Milk Producers Association of Malawi has asked Treasury to scrap off the three percent withholding tax on milk at the bulking group and introduce a cap for milk importers.
In its 2021/22 National Budget proposal, the association argued that milk is the only product subjected to withholding tax among all the agricultural products from subsistence farmers.
The association has also asked Treasury to restrict issuance of import permits for milk and milk products, introduce excise tax on all milk powders and milk products of maximum 25 percent from 15 percent and remove milk powder repackaging operations from the Industrial Rebate Scheme.
In an interview on Tuesday, the association’s national director Herbert Chagona said with limited supply of milk at the milk bulking group, subsistence dairy farmers are discouraged from selling their product through the formal channel, which is already affected by the current price of K182 per litre offered by the milk processors.
This, he said, compels milk producer to resort to vending the milk.
Chagona said by removing the tax, which came into effect in June 2020, milk volumes in the formal sector would increase, which could push up milk per capita from five litres per person per year to 25 litres per person per year.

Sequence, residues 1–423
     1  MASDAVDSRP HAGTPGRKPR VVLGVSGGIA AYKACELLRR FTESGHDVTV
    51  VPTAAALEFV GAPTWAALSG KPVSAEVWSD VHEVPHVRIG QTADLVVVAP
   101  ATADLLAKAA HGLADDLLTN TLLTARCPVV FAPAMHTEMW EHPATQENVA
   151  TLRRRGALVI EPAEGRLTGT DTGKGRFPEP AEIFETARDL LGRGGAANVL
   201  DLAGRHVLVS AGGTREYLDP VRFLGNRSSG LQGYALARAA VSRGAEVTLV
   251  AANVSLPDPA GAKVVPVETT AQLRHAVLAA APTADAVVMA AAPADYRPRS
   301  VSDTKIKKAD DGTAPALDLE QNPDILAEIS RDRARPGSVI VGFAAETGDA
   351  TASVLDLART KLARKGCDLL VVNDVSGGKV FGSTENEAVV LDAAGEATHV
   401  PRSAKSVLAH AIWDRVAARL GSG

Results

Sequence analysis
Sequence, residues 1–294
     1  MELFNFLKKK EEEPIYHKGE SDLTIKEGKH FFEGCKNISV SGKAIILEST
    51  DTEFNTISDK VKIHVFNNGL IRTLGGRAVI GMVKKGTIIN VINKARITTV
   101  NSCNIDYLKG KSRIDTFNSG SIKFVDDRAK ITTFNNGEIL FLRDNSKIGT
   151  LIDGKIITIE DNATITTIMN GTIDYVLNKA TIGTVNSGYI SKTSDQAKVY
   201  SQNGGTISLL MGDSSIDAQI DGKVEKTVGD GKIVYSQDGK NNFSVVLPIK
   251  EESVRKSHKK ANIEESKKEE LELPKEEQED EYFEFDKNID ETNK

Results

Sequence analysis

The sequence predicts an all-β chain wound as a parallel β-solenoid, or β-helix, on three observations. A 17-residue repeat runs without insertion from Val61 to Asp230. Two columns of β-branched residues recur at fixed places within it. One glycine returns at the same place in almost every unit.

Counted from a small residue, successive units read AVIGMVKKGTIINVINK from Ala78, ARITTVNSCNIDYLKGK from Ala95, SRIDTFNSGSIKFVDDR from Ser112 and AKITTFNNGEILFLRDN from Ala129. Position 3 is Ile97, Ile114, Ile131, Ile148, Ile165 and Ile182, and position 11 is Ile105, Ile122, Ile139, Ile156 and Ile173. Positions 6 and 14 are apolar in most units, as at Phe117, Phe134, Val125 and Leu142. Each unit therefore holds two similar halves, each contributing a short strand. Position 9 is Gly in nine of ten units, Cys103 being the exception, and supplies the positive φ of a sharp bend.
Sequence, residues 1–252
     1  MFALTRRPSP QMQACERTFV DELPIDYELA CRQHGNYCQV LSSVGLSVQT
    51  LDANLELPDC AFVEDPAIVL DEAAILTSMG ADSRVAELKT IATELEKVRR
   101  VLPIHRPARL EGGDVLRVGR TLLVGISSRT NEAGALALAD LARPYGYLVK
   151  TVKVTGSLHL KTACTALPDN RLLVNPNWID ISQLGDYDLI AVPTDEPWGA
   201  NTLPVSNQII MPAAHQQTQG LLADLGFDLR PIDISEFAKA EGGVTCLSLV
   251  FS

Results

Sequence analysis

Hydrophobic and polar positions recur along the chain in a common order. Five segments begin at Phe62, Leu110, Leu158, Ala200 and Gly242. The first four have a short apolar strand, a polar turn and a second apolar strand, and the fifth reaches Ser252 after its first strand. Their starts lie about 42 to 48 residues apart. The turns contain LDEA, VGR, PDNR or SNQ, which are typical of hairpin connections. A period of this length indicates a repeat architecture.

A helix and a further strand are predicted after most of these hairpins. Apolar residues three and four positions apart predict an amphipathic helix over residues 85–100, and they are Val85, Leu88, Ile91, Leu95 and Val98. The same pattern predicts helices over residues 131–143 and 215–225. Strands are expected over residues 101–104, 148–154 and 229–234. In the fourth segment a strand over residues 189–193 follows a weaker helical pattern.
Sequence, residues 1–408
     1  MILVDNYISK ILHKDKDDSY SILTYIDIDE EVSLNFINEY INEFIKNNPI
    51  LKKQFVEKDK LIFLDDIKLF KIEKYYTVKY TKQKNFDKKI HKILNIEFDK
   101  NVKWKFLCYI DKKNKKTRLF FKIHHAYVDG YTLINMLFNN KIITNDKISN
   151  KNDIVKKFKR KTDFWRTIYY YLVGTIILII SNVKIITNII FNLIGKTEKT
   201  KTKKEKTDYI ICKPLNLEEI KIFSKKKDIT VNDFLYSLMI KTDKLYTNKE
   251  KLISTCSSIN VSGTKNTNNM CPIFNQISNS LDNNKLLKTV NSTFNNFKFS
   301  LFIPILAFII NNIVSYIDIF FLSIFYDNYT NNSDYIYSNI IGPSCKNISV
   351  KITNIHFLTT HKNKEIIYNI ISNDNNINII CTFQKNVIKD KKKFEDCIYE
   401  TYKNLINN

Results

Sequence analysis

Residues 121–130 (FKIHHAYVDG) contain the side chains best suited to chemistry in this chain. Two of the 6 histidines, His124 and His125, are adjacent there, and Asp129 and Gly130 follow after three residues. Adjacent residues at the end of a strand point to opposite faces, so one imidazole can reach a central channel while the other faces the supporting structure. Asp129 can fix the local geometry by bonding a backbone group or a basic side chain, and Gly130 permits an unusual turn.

He said: “As the proceeds from milk do not belong to the bulking group, it is the individual farmers that are effectively taxed. Since the rates are applied on the gross amount that is due to a bulking group, dairy farmers do not enjoy the thresholds, rendering their tax burden to be higher than other businesses.
“As the three percent withholding tax is discouraging dairy farmers from bulking their milk at a cooling centre, it is high time this tax on milk was removed to provide an enabling environment for dairy farmers to be in line with farmers of other agricultural products.”
Withholding tax is an advance payment of income tax that is deducted from specified payments. A person making the payment deducts the tax.
Although the Taxation Act stipulates these amounts are claimable upon submission of a return of income, the association argues that dairy farmers, for instance, Shire Highlands Milk Producers Association, have outstanding claims amounting to K50.3 million which Malawi Revenue Authority (MRA) is yet to remit.
In an interview on Tuesday, MRA head of corporate affairs Steven Kapoloma said that while tax is claimable, the challenge with some farmers could be on the modalities done to get the claims.
He, however, since this is a policy decision, Treasury was better placed to respond as MRA only implements such policy decisions.
Treasury spokesperson Williams Banda said on Tuesday this is a proposal for the forthcoming budget whose consultations are under way.